April 22nd marks the 41st anniversary of Earth Day and students and teachers from Cedarcreek Elementary in Canyon Country were determined to do their part.
In the morning Mr. Michael McNelis, a third grade teacher, stood at the front of the school handing out rubber gloves to his chirping students in advance of the clean-up. Keeping their hands sanitized was an important component as the kids raced to pick up desiccated orange peels, candy wrappers and sticky-sticky, plastic popsicle sleeves.
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Kasandra Ramirez, an 8-year-old in Miss Knox’s third grade class, proudly fanned out a handful of popsicle sleeves she’d rescued from under a bush. She then stuffed them into a garbage bag while trying to avoid having the reservoirs of blue liquid spill onto her clothes.
With his garbage bag held wide, Leizar Cortez a 9-year-old from Mr. McNelis’ class, gladly accepted the contributions of his fellow classmates, even if they turned out to be scooped up snails who’d clearly been minding their own business.
When questioned about the meaning of Earth Day Cortez proclaimed, “You have to pick up the trash.”
Ramirez chimed in, “…to help the earth.”
“If you don’t the earth is going to be smelly,” Cortez affirmed.
Mr. McNelis was quick to point out the educational standards that tie in with Earth Day including Science and Social Studies, “We’re currently learning about being a good citizen.”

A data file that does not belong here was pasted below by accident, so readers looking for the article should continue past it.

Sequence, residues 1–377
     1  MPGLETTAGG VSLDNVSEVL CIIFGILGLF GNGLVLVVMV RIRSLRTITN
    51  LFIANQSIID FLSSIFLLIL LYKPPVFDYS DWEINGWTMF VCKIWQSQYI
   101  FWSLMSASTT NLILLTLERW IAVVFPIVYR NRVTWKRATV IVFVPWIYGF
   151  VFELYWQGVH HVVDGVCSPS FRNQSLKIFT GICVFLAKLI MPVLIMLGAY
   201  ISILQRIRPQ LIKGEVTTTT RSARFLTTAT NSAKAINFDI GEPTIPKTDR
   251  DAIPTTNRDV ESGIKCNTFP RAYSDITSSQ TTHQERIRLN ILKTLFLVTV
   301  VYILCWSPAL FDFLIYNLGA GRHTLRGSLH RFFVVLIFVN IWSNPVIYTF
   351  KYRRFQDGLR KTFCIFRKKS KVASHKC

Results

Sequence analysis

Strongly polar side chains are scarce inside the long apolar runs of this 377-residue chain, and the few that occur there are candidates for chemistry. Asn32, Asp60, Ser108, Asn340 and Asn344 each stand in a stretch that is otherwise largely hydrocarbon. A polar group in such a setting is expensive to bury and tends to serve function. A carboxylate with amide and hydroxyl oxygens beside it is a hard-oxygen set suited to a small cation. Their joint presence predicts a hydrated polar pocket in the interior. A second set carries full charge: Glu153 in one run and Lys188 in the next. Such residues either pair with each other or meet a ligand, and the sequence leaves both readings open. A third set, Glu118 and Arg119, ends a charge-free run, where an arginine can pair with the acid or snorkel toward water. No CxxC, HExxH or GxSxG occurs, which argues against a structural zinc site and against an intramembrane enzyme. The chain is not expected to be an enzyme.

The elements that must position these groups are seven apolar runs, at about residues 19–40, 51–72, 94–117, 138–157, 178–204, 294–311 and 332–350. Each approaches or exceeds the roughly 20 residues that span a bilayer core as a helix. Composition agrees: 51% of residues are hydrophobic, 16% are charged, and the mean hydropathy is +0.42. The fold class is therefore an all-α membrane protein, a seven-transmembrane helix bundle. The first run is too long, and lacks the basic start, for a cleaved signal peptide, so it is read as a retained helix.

“And about taking care of your community,” added Miss Nicole Knox, another 3rd grade teacher.
The Earth Day Network says the modern environmental movement began 41 years ago in response to a massive oil spill in Santa Barbara. The year was 1969 and then Senator Gaylord Nelson of Wisconsin decided to start a “national teach-in on the environment.” He took his inspiration from anti-war protests during the era and turned that energy towards stopping air and water pollution.
This year’s Earth Day theme is Billion Acts of Green® with the purpose of inspiring a billion acts of environmental service around the world.
The students, staff and faculty of Cedarcreek Elementary can be proud of adding their Earth Day efforts to the billion expected world wide.
For more information about Earth Day and a guide for parents and teachers to engage their children on environment preserving activities go to earthday.org.